28 Feb2007


We had a very small and relaxed Post Anti-Valentine’s, Valentine’s Dinner last week. We had humongous platters of Wagyu Osso Buco a la Milanese (the meat was surprisingly tough, despite two plus hours in the oven – back to veal next time), a large green salad with a shallot choc3vinaigrette, a superb bottle of 1995 Burgundy brought by our guests and these luscious chocolate cakes served with strawberries. I have always, always struggled to make a decent chocolate cake. When I was much younger, they always turned out too dry, too boring and usually lacking that bakeshop-like chocolate-y flavor. I wonder now if poor quality cocoa was partially to blame for the mediocre cakes of yore. But nevertheless, I NEVER got it right. As the years went on, I decided it was just too much trouble to figure it out so I took to buying our chocolate cakes instead…there were tons of great ones on the market from home bakers including the Yulo chocolate cake from Forbes, the cake from the Magallanes gas station, etc. so there was never any reason for me to really learn how to do it myself. And despite whisperings of secret recipes that would result in the ultimate moist chocolate cake, including the addition of vinegar, mayonnaise and other ways to inject fat into the equation, I avoided making my own chocolate cake, period.

That is, until, my daughter called me one afternoon two weeks ago as I was about to board a plane from Cebu to Manila and asked if we could “please, please, please make a chocolate cake” that choc2evening for a despedida party she and her classmates were giving for a teacher at their school. Yikes! By the time I got home, it was about 7 pm and the pressure was on to come up with a decent (my daughter said it “must be really good”) cake by the next morning… I searched through several chocolate cookbooks, then dessert books, and most of the recipes either included ingredients I didn’t have on hand or just smacked of potential Marketman failure… I first decided on an icing, a simple chocolate and butter ganache like concoction that sounded way easy and yet looked superb…I figured if the icing was good, the cake quality would matter less… Then I spied a fairly simple sounding Devil’s Food Cake recipe in Maida Heatter’s “Book of Great Desserts,” for which we had almost all the ingredients in the house.

To make, pre-heat oven to 375 F. Butter two 8 to 9 inch cake pans and coat or dust with fine breadcrumbs. Melt 4 ounces (original recipe calls for 3 ounces) of unsweetened chocolate on top of a double boiler and set aside. Sift 2.5 cups of sifted all-purpose flour, 2 teaspoons choc5of baking soda and ½ teaspoon of salt into a bowl. In your mixer bowl, beat ¼ pound of butter (1 stick, though I used 1.5 sticks) until softened. Add 2 teaspoons of good vanilla and 2.5 cups of dark brown sugar (I used muscovado), packed down and mix for about two minutes at medium speed. Add in three eggs, one at a time until fully blended. Beat another two minutes. Add the melted chocolate and mix. On the lowest speed, add half the flour mixture, then ¼ cup of buttermilk (I used milk), the other half of flour mixture and another ¼ cup of buttermilk. Then gradually beat in 1 whole cup of boiling water. Yes, that last step sounds odd. But it works. The batter will be really thin.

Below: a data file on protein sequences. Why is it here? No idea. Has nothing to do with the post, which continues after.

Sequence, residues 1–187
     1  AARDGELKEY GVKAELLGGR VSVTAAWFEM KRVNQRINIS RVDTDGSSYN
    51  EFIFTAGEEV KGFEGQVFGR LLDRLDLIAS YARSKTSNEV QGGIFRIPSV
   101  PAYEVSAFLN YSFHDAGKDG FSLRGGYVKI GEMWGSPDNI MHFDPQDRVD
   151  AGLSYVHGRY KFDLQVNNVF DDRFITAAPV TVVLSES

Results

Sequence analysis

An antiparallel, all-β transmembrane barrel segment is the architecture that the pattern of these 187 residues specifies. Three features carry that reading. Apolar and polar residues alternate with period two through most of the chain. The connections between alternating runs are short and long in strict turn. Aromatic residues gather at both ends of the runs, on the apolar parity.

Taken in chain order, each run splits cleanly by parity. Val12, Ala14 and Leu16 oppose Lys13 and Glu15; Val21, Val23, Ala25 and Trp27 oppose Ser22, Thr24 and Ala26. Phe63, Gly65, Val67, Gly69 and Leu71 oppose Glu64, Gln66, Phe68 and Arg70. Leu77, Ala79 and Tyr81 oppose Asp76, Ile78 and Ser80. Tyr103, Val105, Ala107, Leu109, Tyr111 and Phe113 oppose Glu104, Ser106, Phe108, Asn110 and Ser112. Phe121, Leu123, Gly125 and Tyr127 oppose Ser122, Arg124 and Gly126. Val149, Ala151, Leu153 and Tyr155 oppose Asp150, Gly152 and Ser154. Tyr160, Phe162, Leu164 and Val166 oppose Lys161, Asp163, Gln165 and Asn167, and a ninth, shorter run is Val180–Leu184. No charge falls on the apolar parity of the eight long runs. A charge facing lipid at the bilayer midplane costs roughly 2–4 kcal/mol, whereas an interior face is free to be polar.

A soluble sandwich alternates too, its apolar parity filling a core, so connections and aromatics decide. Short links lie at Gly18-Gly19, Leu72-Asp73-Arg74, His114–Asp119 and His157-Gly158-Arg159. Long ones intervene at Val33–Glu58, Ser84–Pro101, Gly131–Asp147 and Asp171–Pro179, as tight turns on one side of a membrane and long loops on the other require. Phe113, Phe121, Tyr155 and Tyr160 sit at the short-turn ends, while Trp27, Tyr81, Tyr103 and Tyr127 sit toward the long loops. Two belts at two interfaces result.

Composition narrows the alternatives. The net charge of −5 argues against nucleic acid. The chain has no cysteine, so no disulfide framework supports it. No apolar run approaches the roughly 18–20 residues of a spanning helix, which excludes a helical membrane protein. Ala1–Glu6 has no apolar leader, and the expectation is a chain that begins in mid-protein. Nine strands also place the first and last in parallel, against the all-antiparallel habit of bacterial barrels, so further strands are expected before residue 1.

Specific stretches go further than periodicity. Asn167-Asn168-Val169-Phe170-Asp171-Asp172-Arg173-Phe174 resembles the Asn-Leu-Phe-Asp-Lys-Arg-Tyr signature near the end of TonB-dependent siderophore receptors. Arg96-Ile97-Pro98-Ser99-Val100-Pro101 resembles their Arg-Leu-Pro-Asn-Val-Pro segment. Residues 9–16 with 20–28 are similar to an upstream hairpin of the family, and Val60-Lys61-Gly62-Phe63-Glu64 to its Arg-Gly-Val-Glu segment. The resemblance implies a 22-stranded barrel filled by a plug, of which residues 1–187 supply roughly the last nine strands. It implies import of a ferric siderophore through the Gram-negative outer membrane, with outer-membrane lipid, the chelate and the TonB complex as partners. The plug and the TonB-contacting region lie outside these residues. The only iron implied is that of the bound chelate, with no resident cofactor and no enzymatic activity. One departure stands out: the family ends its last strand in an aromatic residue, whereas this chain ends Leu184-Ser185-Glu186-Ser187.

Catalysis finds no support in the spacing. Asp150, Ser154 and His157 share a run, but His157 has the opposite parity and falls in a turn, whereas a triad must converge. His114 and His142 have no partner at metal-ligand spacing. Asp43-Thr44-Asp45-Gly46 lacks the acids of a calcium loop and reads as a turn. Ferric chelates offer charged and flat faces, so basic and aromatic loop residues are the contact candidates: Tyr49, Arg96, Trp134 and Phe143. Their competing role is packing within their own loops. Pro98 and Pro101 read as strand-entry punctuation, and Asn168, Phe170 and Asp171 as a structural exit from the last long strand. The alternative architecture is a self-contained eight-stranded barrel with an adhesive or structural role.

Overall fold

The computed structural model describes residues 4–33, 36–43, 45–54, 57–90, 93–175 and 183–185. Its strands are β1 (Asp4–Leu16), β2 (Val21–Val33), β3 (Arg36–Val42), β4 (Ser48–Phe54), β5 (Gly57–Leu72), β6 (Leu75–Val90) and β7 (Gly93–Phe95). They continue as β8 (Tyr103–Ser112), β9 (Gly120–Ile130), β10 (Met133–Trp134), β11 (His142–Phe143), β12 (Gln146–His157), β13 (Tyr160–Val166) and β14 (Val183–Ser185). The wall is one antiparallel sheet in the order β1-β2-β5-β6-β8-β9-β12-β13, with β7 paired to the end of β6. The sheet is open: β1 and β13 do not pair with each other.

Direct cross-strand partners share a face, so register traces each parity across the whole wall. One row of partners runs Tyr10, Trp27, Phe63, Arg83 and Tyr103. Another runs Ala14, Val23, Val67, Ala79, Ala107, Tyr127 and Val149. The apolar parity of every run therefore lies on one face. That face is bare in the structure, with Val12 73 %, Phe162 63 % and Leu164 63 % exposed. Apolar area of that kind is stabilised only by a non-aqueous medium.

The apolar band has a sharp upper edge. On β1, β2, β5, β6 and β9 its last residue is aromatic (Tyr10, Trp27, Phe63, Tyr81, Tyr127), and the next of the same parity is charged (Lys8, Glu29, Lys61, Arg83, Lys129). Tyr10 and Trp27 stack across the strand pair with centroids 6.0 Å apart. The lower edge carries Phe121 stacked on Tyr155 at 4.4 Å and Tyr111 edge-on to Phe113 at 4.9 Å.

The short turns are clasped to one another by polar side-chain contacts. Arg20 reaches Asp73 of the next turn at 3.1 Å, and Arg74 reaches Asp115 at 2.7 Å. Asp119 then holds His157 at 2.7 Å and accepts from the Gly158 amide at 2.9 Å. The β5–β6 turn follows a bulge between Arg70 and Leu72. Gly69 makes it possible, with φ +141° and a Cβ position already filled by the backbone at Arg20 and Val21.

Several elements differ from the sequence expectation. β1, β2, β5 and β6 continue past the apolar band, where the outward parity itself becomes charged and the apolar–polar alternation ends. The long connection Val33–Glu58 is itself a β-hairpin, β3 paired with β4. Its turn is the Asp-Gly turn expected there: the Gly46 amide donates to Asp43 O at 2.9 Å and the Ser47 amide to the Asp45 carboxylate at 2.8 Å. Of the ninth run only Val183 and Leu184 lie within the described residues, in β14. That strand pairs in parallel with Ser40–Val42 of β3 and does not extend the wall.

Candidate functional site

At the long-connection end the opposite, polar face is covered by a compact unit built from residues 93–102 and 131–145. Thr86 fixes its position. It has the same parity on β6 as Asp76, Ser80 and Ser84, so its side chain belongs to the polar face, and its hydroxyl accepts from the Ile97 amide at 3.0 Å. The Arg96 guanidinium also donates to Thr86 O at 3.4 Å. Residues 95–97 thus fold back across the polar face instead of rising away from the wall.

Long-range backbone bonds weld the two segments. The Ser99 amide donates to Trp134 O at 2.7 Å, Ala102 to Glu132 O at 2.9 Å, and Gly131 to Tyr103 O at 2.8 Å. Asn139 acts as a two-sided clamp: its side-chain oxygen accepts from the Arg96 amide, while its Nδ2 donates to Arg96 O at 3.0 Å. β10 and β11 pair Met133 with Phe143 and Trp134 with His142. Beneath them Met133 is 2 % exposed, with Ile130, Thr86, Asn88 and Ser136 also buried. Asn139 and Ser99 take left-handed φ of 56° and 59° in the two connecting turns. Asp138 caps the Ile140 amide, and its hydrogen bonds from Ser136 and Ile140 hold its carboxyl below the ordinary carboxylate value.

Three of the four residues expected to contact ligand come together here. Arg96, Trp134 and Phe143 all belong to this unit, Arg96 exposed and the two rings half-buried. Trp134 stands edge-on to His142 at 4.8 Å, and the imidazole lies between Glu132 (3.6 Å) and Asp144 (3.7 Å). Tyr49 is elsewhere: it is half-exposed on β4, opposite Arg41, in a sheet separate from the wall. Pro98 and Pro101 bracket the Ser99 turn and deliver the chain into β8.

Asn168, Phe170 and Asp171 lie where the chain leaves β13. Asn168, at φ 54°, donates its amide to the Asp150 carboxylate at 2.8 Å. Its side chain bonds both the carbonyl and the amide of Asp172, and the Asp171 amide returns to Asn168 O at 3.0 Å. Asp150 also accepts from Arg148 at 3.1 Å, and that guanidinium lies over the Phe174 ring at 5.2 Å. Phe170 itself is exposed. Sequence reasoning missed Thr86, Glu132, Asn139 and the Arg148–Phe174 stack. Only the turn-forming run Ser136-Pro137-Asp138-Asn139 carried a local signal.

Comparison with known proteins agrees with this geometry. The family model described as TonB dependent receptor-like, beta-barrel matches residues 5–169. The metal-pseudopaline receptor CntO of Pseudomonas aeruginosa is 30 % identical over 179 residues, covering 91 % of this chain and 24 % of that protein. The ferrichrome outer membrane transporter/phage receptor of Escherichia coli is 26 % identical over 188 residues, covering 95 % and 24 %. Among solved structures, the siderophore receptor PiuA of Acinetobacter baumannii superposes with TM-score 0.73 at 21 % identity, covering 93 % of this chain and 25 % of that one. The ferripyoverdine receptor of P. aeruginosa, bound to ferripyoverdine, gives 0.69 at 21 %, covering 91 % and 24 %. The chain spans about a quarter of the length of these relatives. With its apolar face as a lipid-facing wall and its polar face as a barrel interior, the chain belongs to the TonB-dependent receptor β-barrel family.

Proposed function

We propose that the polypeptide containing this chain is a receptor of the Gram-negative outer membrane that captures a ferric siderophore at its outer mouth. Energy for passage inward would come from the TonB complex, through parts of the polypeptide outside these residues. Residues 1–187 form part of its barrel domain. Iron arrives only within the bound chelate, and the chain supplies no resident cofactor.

Pour the batter into prepared pans and bake on a flat cookie sheet in the middle of the oven for 20-25 minutes until the tops are dryish and spring back when pushed against with your forefinger. Cool the cakes on a wire rack for 5 minutes, use a knife to separate the cakes from the sides of the pan and turn these over onto a plate or rack to cool completely. You may want to cut off any “pregnant” or “buntis” effect of the cakes – in other words, if you want a really neat and flat cake, cut off the bulges… Once cool, I covered these with foil and left them out on the kitchen counter until the next morning so I could frost them a few hours before they left for the “party.”

The icing was SUPER easy to make as well. It is now by far, one of my favorite two-ingredient miracle recipes of the year… I found the recipe in Fran Bigelow’s terrific book “Pure Chocolate” and choc6since I have a surplus of chocolate, this was the perfect way to use some of it… In a double boiler, melt 8 ounces of semisweet chocolate (I used Callebaut 65%) in a double boiler. It’s best to first chop the chocolate finely so it melts more evenly. Then when it is all nearly melted and smooth when stirred, take it off the boiling water and turn off the stove. Slowly mix in 1/2 pound (two sticks) of unsalted butter at room temperature that has been cut up into small blocks. The butter cannot be too cold or the glaze will seize up (if that happens, place it over the hot water very briefly), nor too hot or it will liquefy. Keep stirring until the butter is melted and you have a smooth chocolate glaze. Ideally, the mixture should be at 80-85 degrees F at this point. It is ready to be poured on the cake immediately…